an international team of researchers has turned polyethylene into lightweight fabrics with a smaller environmental impact than natural fibers such as cotton. polyethylene, also called polythene, is a material commonly found in single-use plastic bags and food packaging. the scientists hope that this breakthrough could provide an incentive to recycle plastic products.



‘once someone throws a plastic bag in the ocean, that’s a problem. but those bags could easily be recycled, and if you can make polyethylene into a sneaker or a hoodie, it would make economic sense to pick up these bags and recycle them,’  says svetlana boriskina, a research scientist from MIT‘s department of mechanical engineering, who was involved in the project alongside scientists from italy, south korea, and mexico.

plastic bags could be recycled into wearable fabrics, says new research designboom

image by felice frankel, christine daniloff, MIT (main image by brian yurasits)



polyethylene is a nonwicking material, which means it absorbs water and sweat rather than drawing it away. the main breakthrough of this research was turning the polyethylene into a yarn that can wick away moisture, making it more functional as clothing. furthermore, the researchers say that the new polyethylene fabrics wicked away and evaporated moisture faster than nylon or polyester.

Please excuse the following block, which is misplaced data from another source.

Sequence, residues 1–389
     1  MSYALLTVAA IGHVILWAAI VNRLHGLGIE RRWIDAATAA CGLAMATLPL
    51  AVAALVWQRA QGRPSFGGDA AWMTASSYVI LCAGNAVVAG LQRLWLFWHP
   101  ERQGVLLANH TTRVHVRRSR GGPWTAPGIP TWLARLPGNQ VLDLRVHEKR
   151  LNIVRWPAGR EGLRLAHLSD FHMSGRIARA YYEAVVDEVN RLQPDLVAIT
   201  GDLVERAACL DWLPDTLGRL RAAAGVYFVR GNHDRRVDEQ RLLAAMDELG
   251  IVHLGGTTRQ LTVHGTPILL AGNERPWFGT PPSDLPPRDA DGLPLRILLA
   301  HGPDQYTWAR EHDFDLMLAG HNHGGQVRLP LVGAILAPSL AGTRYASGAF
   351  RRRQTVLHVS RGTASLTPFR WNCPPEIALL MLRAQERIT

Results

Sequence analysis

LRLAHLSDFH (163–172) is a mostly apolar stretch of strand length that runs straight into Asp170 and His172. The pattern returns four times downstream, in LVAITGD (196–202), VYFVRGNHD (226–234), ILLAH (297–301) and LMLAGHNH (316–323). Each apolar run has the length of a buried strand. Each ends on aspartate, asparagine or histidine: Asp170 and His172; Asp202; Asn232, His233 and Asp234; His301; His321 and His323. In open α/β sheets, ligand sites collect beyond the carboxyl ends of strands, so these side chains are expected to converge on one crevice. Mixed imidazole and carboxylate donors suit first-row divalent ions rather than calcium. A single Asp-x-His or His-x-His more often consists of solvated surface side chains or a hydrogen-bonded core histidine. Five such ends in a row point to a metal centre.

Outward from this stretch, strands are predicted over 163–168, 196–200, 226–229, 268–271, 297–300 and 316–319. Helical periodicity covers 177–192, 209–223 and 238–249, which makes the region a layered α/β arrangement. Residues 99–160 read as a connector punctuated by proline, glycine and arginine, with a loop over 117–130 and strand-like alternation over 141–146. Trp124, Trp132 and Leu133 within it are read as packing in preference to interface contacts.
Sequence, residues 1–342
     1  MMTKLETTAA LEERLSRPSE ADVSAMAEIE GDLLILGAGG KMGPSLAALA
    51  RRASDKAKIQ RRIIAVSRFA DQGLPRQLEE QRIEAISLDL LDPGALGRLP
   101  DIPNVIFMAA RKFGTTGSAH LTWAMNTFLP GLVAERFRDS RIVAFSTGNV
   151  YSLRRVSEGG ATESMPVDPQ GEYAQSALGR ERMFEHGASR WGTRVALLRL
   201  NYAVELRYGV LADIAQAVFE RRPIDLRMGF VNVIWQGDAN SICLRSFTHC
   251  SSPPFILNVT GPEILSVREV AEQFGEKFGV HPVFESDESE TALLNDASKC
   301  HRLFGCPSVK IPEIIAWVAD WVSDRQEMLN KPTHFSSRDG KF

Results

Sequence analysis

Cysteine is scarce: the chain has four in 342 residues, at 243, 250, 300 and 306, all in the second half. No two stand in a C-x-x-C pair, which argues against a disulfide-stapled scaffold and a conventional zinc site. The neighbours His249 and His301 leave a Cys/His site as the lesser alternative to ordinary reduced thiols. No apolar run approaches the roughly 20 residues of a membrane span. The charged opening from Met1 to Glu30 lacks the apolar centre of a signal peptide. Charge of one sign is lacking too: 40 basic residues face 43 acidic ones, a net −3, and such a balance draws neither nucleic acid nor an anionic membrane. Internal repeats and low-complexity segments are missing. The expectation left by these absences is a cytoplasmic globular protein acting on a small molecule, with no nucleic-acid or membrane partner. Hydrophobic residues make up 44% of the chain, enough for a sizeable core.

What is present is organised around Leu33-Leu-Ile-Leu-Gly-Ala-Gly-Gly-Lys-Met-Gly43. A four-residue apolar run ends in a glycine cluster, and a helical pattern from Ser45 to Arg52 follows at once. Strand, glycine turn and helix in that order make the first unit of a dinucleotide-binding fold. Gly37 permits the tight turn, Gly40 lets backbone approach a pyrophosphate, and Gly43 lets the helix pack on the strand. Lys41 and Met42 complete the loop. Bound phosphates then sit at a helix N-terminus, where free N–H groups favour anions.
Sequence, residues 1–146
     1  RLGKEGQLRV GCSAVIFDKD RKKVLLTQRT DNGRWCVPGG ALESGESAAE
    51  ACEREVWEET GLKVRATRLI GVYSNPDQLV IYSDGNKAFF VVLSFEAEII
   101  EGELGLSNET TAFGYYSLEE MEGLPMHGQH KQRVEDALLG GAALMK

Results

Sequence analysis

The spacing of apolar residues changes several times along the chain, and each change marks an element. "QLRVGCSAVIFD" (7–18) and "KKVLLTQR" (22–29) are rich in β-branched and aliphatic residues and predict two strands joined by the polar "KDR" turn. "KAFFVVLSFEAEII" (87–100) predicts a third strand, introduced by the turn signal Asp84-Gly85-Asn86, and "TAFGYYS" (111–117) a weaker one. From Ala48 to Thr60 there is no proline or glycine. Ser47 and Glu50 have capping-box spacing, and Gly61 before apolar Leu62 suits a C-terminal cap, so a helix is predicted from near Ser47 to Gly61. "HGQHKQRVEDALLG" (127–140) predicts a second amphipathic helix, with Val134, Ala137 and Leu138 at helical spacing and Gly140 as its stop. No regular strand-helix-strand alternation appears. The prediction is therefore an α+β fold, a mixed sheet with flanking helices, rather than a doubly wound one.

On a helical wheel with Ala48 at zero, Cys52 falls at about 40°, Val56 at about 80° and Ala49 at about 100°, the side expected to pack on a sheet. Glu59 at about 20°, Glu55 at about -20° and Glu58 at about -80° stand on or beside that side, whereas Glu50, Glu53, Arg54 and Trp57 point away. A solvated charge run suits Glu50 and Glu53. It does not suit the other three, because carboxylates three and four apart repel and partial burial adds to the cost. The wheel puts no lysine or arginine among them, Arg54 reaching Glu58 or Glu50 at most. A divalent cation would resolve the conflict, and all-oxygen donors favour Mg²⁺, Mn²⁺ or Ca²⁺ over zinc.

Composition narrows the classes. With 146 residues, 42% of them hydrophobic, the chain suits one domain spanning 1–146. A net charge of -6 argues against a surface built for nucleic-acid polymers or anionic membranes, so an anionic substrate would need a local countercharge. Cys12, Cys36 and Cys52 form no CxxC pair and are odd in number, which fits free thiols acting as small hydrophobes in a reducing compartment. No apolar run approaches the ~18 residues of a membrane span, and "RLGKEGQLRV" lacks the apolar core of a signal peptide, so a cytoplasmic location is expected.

‘you can refresh the material by rubbing it against itself, and that way it maintains its wicking ability,’  boriskina says. ‘it can continuously and passively pump away moisture.’



in addition to its wicking properties, the polyethylene textiles can be cleaned at a lower temperature and dyed using colored particles, both of which would reduce the material’s ecological footprint.we don’t need to go through the traditional process of dyeing textiles by dunking them in solutions of harsh chemicals. we can color polyethylene fibers in a completely dry fashion, and at the end of their life cycle, we could melt down, centrifuge, and recover the particles to use again.’  boriskina continues, ‘you could wash polyethyelene on the cold cycle for 10 minutes, versus washing cotton on the hot cycle for an hour.’



the study was first published in nature sustainability.